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After World War II, Holocaust survivors discussed the Anne Frank Test: “If the Nazis returned, which of our non-Jewish friends would hide us?” It’s a stark assessment of a person’s fortitude and courage, but there’s a more challenging dilemma in regards to how we confront forces of evil. The truest measure of integrity would be to hold complete power over someone who committed unspeakable crimes against the people you love the most, then choose forgiveness over revenge.

This question drives Operation Finale, a post-WWII thriller following the real-life hunt for Adolph Eichmann (played by Oscar-winner Ben Kingsley). Eichmann was a high-ranking Nazi official known as the “Architect of the Final Solution.” In plain English, he was one of the chief inventors of the genocide that killed than 6 million Jews and 6 million non-Jews.

Operation Finale is told from the perspective of Peter Malkin (Oscar Isaac), an Israeli Special Ops agent who lost more than 150 relatives to the Holocaust, including his sister and her three children. A real-life James Bond type known for bucking orders and going rogue, Malkin begs for a spot on the extraction team to bring Eichmann back to Israel to stand trial for his crimes.

BRINGING RESONANCE THROUGH PERFORMANCE

At the heart of Operation Finale is the interplay between Isaac’s Malkin and Kingsley’s Eichmann. Malkin kidnaps Eichmann with relative ease, but the straightforward snatch-and-grab mission is complicated when the plane scheduled to carry the Mossad agents back to Israel is grounded for 10 days.

Facing execution if they’re caught by Argentine forces, the Israeli agents are forced to keep watch on Eichmann 24/7. It’s in the confines of the safehouse that Malkin, clearly tempted to execute Eichmann rather than let the Nazi mastermind face a fair trial, learns an unexpected lesson: His captor is a human being. An odd camaraderie builds up as Malkin and Eichmann share stories and discuss their families. It’s an unimaginable scenario, except for the fact it happened.

As a thriller, Operation Finale is good, not great, but the dramatic tension and believability between Isaac and Kingsley makes up for the missteps. In the hands of this masterful duo, the question of whether Malkin can swallow his lust for vengeance and forgive his captor comes to the forefront.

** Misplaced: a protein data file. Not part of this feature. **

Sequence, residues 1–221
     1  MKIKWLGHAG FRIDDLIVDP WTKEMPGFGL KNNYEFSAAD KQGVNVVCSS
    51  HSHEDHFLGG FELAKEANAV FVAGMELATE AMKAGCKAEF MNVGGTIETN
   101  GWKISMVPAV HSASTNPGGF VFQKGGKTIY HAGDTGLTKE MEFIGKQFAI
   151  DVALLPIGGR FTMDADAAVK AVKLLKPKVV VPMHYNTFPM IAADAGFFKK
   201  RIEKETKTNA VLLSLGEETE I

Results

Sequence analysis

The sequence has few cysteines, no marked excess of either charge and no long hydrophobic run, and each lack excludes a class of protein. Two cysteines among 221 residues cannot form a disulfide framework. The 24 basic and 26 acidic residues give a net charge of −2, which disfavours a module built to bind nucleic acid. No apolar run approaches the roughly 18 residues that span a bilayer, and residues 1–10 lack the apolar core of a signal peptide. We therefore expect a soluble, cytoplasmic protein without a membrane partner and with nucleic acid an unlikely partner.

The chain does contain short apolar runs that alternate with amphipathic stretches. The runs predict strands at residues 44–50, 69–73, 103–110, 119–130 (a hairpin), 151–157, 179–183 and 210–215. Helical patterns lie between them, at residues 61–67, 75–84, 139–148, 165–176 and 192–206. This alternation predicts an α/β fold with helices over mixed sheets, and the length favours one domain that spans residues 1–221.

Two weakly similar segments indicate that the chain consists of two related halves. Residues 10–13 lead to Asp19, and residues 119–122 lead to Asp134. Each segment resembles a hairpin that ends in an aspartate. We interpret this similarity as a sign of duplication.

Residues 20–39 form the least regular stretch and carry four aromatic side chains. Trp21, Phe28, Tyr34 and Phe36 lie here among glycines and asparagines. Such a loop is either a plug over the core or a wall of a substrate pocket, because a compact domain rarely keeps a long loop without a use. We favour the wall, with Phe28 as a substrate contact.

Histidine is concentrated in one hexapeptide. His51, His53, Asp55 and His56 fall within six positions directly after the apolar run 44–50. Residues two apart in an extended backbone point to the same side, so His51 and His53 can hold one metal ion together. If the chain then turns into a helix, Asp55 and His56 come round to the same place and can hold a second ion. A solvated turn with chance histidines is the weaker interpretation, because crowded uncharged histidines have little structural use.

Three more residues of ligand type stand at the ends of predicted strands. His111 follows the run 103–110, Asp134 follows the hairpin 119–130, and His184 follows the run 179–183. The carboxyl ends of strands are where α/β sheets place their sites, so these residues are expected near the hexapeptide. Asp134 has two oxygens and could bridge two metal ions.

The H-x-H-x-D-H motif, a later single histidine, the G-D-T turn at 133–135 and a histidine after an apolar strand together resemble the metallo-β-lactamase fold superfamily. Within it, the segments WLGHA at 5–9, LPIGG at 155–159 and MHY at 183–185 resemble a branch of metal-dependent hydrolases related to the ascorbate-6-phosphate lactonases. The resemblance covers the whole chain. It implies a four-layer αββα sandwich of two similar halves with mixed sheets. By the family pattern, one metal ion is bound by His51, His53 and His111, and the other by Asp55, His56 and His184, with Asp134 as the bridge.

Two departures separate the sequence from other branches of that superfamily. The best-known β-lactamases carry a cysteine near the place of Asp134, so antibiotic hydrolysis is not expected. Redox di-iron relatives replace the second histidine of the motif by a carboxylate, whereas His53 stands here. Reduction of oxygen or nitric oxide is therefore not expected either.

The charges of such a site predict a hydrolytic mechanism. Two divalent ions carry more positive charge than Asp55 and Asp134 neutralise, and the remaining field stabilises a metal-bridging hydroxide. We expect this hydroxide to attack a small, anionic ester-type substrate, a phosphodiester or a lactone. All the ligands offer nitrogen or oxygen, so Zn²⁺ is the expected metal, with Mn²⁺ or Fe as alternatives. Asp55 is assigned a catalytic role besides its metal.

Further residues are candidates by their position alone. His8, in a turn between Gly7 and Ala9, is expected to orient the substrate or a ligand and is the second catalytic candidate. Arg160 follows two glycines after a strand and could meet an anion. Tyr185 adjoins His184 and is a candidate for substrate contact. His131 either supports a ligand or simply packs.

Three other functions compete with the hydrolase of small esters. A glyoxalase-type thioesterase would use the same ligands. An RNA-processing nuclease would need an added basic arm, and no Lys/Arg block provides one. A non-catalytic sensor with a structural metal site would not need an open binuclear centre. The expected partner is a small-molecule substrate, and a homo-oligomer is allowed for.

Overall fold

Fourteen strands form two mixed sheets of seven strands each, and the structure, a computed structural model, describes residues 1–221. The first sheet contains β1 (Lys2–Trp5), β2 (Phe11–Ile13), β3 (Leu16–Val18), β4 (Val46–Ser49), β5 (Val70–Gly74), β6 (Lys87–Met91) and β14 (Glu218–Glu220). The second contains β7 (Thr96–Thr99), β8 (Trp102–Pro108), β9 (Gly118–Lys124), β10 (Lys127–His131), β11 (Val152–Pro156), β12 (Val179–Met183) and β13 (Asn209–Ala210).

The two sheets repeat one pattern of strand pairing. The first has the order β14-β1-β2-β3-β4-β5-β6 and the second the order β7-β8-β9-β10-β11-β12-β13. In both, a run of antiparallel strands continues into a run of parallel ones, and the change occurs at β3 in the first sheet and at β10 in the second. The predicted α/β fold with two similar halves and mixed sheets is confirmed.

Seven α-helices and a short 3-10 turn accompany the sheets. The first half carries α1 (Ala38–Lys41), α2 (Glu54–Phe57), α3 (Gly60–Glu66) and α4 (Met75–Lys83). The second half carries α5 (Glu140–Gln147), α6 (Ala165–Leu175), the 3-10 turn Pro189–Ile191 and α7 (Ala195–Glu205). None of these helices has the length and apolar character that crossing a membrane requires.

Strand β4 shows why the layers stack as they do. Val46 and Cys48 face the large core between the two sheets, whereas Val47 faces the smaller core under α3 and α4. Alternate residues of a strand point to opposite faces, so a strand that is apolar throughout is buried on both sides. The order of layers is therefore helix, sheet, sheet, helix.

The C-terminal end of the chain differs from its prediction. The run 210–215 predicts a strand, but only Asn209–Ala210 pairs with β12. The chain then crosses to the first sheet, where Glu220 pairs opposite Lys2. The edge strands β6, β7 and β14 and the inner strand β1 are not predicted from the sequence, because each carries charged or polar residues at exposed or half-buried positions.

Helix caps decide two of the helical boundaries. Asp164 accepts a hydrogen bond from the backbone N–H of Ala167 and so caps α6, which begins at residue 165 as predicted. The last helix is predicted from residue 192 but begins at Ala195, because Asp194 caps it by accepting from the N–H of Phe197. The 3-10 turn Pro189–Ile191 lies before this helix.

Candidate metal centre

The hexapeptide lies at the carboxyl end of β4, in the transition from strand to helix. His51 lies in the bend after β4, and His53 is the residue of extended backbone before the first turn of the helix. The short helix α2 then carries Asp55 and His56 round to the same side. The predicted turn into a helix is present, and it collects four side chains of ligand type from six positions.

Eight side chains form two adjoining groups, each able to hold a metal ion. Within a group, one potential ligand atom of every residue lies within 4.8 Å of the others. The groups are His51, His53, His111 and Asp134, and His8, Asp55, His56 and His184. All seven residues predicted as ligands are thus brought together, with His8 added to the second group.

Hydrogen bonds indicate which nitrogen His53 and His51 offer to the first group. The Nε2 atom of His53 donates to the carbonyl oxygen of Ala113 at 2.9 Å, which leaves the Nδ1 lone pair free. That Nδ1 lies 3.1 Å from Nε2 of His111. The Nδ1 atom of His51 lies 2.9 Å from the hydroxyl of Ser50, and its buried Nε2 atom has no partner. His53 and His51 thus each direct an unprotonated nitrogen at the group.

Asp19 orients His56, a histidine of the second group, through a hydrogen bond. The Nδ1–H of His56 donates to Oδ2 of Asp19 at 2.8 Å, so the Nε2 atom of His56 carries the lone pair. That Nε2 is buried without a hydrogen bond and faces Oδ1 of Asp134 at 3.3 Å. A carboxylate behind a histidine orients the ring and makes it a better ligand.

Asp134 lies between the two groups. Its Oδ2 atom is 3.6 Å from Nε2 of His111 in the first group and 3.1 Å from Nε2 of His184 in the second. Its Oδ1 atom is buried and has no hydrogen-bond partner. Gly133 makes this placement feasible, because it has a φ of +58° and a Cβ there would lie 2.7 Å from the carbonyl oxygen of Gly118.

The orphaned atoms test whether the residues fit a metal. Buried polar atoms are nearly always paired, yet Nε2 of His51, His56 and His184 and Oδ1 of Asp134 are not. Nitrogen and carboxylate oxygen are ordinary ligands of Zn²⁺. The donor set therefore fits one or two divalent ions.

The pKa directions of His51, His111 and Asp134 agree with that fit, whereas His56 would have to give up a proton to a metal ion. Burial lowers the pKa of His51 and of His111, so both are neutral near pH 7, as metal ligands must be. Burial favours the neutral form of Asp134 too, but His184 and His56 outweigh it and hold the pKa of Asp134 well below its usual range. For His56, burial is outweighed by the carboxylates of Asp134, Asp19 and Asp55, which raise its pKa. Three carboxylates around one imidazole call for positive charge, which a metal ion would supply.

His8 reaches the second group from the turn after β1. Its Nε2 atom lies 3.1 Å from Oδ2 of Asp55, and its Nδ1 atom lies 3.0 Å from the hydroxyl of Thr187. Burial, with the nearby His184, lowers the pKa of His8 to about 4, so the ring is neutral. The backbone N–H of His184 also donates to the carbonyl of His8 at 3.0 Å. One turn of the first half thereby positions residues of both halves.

ASKING DEEPER QUESTIONS WITHOUT SACRIFICING ENTERTAINMENT VALUE

Awards season movies can often veer into the territory of “appreciate, but don’t actually enjoy.” This is often because hardware-winning flicks like 2018 Best Picture winner The Shape of Water push themes over narrative in order to deliver a clear statement, sometimes at the expense of the story being told.

Of course, if a movie has nothing to say, you wind up with a viewing experience that’s all sizzle and no steak. But as the car chases and comic book characters of summer blockbusters fade, the pendulum often swings too far in the other direction, toward movies that are so preachy they take the audience out of the viewing experience.

Fortunately, Operation Finale walks the tightrope between depth and entertainment without slipping. It’s a based-on-true-events story that trusts the audience to connect the dots of systemic hatred, press into the struggle to choose justice over revenge and let the history speak for itself. The real struggle of these soldiers, who must protect a man responsible for the murder of their families and friends, is enough without ham-fisted dialogue or obvious sermonizing. The central dilemma here is arresting on its own.

For Christians, Operation Finale may provoke difficult questions about choosing forgiveness from positions of power. Sure, Jesus clearly instructs us to show mercy to each other, but it’s easier said than done. In many ways, it’s a challenge more difficult than the Anne Frank Test.

Operation Finale leaves room for these questions because it has the restraint to avoid over-stating the obvious: Systemic hatred is horrible.  It trusts the intelligence of the audience, and that could help Finale stand apart in both the minds of the audience and the Academy voters.

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